Tens of thousands took part in a one-hour march through London called by the Stop the War Coalition, the Campaign for Nuclear Disarmament and the Muslim Association of Britain.
The march raised four demands: “Stop the Bombings, Stop the War,” “Defend the Muslim Community,” “Defend Civil Liberties” and “Bring the Troops Home.”
The route through central London along Whitehall and into Piccadilly culminated in a rally in Hyde Park. Police said about 10,000 people took part, but Stop The War Coalition said up to 100,000 were protesting.
The families of three British soldiers killed in Iraq addressed the marchers.
Susan Smith, whose son Phillip Hewett died in July when a roadside bomb exploded under his vehicle near Basra, addressed her remarks to Britain’s Prime Minister Tony Blair: “You can never know how it feels, but you have the power to stop it happening again. You made the decision to go to Iraq and you can make the decision to get our sons and daughters out of there.” She read out a letter she had handed in to Downing Street calling on Blair to bring the troops home. This read in part, “You don’t know what it’s like to be told your son has been murdered in Iraq and then find out through TV news he wasn’t killed instantly, but lay dying at the side of road.
“You don’t know what it’s like to have to meet an aeroplane carrying a coffin containing his body. I can’t find the words to describe how that feels, but I hope to God, you and your wife never experience it.... You’ve let down those three young men and the other 89 British soldiers who have so far died in Iraq and it’s time you started listening to me and the other families who want to see our boys pulled out of a hopeless situation.”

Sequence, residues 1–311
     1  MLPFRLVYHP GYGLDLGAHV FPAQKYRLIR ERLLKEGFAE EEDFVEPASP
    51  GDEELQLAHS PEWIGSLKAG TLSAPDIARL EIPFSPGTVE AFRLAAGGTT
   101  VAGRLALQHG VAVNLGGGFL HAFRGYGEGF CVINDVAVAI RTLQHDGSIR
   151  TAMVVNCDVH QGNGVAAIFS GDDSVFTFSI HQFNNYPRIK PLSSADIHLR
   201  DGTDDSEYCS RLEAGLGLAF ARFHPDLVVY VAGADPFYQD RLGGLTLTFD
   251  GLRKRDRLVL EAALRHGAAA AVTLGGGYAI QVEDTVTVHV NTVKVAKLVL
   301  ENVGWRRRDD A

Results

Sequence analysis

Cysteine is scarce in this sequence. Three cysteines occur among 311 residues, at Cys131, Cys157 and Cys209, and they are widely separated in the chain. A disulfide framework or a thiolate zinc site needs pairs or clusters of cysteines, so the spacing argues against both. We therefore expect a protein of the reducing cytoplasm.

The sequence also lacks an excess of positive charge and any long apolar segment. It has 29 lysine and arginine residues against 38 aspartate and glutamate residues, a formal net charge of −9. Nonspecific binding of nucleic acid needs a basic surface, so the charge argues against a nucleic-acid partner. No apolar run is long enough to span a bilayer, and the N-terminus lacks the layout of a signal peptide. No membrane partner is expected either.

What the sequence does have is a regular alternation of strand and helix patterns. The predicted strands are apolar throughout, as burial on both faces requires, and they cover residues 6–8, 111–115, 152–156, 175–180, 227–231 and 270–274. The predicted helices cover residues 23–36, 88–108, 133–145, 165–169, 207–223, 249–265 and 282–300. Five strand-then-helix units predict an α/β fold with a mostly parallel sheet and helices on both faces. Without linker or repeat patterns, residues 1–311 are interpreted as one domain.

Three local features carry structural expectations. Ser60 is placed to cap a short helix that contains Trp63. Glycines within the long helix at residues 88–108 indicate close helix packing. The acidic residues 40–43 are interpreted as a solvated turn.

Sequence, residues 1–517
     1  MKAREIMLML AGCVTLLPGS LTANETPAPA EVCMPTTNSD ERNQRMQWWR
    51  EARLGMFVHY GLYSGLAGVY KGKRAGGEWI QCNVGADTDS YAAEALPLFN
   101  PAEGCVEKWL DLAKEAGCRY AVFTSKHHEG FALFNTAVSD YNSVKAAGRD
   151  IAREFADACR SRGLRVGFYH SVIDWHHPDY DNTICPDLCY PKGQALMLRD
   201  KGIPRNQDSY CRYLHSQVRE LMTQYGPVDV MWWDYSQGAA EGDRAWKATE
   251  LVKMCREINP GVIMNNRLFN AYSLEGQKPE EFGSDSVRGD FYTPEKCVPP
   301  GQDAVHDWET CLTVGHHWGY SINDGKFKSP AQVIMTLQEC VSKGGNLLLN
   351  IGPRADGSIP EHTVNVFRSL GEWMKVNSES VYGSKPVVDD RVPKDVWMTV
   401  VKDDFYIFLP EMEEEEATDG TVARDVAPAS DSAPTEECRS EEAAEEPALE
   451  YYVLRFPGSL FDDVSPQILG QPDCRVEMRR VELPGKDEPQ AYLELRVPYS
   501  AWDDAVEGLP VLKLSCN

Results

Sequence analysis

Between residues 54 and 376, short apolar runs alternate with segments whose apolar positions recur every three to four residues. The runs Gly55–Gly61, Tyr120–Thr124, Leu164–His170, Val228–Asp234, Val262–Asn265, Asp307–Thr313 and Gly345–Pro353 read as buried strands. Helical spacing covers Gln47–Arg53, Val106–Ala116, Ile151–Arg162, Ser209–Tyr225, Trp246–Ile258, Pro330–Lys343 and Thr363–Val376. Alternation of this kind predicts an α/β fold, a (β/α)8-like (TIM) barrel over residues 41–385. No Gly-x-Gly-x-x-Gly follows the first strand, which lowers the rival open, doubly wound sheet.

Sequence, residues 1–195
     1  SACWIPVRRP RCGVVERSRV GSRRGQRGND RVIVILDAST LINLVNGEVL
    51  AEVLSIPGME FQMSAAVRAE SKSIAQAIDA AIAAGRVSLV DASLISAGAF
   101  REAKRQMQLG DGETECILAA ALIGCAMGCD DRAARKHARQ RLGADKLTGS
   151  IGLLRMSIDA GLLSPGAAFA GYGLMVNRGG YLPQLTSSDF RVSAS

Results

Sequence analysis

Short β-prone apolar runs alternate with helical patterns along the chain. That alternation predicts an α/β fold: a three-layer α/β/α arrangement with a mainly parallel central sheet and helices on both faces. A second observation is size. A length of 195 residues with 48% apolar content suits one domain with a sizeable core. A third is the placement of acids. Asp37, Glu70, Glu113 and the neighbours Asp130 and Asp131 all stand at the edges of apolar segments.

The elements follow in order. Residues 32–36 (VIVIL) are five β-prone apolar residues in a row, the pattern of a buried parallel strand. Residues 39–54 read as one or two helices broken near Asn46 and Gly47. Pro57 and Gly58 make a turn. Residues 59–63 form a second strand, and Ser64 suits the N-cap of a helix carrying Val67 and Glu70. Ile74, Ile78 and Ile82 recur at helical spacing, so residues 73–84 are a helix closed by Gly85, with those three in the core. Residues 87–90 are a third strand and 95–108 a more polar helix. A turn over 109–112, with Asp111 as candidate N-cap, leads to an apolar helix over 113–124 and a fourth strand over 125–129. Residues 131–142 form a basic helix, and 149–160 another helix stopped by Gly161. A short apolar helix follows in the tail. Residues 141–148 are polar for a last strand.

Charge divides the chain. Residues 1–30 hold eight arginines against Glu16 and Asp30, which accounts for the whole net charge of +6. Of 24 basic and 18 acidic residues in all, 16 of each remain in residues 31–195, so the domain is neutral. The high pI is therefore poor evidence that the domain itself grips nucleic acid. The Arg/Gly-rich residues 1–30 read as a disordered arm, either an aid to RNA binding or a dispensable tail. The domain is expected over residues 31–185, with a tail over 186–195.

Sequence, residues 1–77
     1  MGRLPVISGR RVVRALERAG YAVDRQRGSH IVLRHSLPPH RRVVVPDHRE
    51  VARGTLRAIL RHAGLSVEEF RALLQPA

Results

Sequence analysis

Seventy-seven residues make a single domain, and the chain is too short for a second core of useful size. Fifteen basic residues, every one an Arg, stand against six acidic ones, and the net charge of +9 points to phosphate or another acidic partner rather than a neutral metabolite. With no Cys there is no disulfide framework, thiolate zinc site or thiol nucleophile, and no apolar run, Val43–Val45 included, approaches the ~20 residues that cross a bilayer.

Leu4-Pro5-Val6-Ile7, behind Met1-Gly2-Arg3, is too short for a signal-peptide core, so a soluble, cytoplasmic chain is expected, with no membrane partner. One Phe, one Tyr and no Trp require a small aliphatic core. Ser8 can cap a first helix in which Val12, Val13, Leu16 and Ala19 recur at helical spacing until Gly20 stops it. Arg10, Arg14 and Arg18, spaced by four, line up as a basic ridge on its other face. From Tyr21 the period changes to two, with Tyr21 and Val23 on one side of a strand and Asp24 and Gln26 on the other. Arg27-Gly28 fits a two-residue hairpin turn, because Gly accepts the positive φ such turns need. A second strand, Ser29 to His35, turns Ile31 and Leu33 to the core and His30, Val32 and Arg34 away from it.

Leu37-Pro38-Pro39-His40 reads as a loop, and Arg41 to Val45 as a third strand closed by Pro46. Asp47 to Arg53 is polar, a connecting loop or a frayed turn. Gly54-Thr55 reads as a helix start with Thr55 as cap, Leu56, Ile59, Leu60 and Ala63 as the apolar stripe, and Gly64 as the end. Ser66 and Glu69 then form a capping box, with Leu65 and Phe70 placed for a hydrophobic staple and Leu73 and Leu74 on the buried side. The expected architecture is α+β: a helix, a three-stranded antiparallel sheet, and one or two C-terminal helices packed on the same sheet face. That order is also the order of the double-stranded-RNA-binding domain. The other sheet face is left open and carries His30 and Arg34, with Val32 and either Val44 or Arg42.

Peter Brierley, whose son Shaun was killed in a road traffic accident in Kuwait on March 30, 2003 while serving with 1(UK) Armoured Division Headquarters and Signal Regiment, said: “My son was betrayed by Blair. If the government do not bring them out, there will be more families like us.... Looking at what happened in Iraq through this last week it is obvious that Iraq does not want the troops there and if they don’t bring them out there will be more families like us.”
Reg Keys, whose son Tom was one of six military policemen killed in June 2003, also spoke.
British soldier Lance-Corporal George Solomou, who refused his call-up to serve in Iraq, spoke in his army uniform and said: “The British people are increasingly realising that they have been told more and more lies about the war.”
The demonstration was again characterised by the near absence of Labourites and trade union leaders. The Labour Party’s only representation on the demonstration was a letter from London Mayor Ken Livingstone and Tony Benn, the retired former MP for Chesterfield and the president of the Stop the War Coalition. Benn called the Iraq war “immoral, illegal and unwinnable.” It was a war for oil and power that politicians and the media were trying to present as a religious war between Christianity and Islam, he said.
Benn demanded that a date for the withdrawal of troops be set, that Israel withdraw from the Occupied Territories and that the authority of the United Nations be restored. He described the UN as the only body capable of ensuring world peace.
A letter of support for the march was read out from a few left-talking trade union leaders who said they were unable to attend because they were preparing for the Labour Party conference.
A team from the Socialist Equality Party distributed thousands of copies of the leaflet, “Katrina, the Iraq war and the struggle for socialism” and sold copies of the World Socialist Web Site Review.